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Are there fissionable isotopes of any element with short-lived radioactive isotopes?

  1. Nov 28, 2006 #1
    might be more expensive than uranium or plutonium, but storage costs and environmental impact and anti-nuke activism might be muted if there was an isotope of any element, say an isotope of iodine, that when fissioned, gives off energy AND short-lived radioactive isotopes.

    so, say, hypothetically speaking, iodine captures a neutron from say plutonium, and becomes a radioactive isotope of iodine, which fissions into non-radiactive iron isotope and radioactive tritium isotope with a short half life.

    the upfront cost of using iodine might be more expensive, but the overall cost might be less expensive.
  2. jcsd
  3. Nov 29, 2006 #2


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    Nothing below U-233 is readily fissionable by low to intermediate energy neutron absorption.

    Pa-231 is fissile with thermal and epithermal neutrons, but has a very low cross-section < 1b, and more on the order of 1-100 mb. Th-232 is effectively fissionable with fast neutrons only, >1 MeV and higher.

    http://oldserver.ba.infn.it/~ntof/proposte/TH_PROPv7.pdf [Broken]

    Pu-241 has a half-life of 14.290 y and is fissile. The isotope Americium-241 (which results from the 14-year half-life decay of Pu-241 which accumulates in reactor grade plutonium with increasing burnup) emits highly penetrating gamma rays, increasing the radioactive exposure of any personnel handling the material.

    See Morbius's discussion of 'fissionable' vs 'fissile'.
    Last edited by a moderator: May 2, 2017
  4. Nov 29, 2006 #3


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    First I'd like to address an issue of terminology.

    The term you want to use above is not "fissionable" but "fissile".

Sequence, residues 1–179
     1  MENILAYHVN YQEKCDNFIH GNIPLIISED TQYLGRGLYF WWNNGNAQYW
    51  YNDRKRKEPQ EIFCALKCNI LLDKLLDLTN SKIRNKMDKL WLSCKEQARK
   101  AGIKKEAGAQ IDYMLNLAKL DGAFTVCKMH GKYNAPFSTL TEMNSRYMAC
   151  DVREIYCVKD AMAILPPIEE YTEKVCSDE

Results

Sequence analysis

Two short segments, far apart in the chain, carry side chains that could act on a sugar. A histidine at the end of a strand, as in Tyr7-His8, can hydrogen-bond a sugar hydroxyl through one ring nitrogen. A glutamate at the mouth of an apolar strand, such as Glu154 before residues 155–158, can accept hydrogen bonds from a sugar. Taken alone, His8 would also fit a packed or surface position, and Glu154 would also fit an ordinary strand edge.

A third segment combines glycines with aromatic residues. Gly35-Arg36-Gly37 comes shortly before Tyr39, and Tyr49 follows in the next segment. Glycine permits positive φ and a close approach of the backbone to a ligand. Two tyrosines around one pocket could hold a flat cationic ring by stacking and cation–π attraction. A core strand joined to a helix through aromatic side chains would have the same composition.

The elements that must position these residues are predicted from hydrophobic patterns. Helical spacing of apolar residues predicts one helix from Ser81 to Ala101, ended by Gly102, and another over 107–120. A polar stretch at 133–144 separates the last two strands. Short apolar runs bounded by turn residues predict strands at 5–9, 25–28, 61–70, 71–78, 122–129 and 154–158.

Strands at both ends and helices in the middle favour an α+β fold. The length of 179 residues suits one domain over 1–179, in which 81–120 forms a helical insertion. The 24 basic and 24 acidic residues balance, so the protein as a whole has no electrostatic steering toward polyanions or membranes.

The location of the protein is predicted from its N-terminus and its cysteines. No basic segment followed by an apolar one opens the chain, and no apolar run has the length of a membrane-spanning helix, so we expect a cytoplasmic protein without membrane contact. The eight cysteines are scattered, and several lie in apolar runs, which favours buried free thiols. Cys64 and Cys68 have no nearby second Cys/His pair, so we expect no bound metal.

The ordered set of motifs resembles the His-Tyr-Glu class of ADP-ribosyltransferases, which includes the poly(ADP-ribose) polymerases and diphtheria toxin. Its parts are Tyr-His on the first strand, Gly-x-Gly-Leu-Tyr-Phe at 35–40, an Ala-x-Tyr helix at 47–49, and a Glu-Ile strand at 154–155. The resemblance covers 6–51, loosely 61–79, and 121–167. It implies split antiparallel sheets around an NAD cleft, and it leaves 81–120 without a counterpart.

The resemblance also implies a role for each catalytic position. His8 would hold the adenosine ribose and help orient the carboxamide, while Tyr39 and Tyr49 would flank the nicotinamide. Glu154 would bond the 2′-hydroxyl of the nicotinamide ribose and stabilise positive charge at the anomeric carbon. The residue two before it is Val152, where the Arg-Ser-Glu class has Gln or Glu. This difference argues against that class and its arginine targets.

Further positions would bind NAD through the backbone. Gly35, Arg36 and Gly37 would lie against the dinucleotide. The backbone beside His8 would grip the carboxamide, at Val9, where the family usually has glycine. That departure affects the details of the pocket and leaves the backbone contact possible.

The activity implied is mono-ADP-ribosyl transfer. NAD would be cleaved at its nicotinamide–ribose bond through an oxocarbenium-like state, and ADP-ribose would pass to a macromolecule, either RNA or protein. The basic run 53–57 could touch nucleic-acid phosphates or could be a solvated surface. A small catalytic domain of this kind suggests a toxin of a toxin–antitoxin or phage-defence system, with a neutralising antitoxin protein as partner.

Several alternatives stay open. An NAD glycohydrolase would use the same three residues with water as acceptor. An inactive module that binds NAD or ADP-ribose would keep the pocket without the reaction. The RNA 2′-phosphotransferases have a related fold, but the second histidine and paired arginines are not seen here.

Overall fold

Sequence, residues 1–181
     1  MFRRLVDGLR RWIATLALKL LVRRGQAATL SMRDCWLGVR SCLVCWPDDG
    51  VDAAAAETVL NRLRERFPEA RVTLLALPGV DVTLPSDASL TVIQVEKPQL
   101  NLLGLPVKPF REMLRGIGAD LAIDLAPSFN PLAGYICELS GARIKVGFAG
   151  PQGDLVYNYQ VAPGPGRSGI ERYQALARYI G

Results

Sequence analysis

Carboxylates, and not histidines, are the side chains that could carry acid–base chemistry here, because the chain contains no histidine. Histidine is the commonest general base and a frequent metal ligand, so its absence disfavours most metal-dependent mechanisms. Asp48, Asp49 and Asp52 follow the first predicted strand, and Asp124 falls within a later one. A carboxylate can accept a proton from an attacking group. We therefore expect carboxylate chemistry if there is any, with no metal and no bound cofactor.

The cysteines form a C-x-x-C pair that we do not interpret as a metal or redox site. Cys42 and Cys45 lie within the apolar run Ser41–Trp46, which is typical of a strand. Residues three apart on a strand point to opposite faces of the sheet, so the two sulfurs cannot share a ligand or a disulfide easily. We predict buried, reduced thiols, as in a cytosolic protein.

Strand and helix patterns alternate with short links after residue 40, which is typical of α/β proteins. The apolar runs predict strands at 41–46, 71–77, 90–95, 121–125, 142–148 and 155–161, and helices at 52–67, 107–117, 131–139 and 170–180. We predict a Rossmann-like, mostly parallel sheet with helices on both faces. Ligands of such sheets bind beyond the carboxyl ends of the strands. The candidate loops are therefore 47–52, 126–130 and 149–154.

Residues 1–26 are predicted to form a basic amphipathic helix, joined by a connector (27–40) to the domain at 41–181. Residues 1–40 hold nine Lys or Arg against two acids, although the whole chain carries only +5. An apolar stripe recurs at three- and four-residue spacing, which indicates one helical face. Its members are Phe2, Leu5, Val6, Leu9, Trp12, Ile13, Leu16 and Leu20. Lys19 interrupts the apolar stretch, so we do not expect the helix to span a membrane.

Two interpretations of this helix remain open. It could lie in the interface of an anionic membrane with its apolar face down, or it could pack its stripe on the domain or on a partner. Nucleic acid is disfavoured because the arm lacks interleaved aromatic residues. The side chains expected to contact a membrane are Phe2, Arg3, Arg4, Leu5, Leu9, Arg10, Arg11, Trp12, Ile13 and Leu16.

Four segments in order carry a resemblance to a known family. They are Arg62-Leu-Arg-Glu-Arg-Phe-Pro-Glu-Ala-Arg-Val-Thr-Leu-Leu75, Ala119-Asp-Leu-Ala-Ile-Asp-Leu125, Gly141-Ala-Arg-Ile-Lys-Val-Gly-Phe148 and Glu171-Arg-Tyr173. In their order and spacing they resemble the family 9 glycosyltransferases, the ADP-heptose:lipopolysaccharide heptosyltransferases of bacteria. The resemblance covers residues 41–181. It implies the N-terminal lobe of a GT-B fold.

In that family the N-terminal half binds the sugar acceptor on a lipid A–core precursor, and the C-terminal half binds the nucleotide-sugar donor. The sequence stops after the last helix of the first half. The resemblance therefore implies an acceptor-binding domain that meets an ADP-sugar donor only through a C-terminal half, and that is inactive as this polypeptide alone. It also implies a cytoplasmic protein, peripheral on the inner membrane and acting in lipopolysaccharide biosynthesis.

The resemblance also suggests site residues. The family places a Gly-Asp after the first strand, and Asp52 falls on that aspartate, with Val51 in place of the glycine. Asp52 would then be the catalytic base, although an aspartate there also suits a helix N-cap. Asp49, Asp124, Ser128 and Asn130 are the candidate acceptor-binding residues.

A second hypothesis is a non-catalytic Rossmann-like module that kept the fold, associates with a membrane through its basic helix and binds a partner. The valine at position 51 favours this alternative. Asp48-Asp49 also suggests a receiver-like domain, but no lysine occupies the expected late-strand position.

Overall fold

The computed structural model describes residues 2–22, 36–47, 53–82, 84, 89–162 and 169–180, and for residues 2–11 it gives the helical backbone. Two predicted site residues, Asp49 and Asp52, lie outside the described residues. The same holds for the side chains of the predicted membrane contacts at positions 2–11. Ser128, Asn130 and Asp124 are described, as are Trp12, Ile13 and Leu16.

"Fissile" means that the nuclide is fissioned by a neutron of ANY energy.

    "Fissionable" means that the nuclide can be fissioned by a neutron, but only if it has
    kinetic energy above a nuclide-dependent threshold.

    For example, U-238 is actually "fissionable" because it will fission with fast neutrons
    with energy in excess of about 1 MeV. However, U-238 can't be used as a reactor
    fuel alone.

    So allow me to rephrase your question into "are there any fissile isotopes of any

    Consistent with Astronuc's reply above; for fissile isotopes, you have your choice of
    U-233, U-235, or Pu-239.

    Unfortunately, there's no nuclide that fits your criteria above that produces energy,
    produces only short-lived daughters, is acceptable to the anti-nukes.... If there was,
    then we'd be using it.

    Dr. Gregory Greenman
  5. Nov 29, 2006 #4
    I understand from wiki that india is using Thorium as a supply fuel. Could there be a combination of Thorium, uranium and plutinion that when placed with spent radiactive fuel, might cause it to decay quicker?
  6. Nov 29, 2006 #5


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    In the "Thorium cycle", you use Th-232 as a fertile material to breed fissile U-233.

    Then you burn the U-233 for power and make more U-233.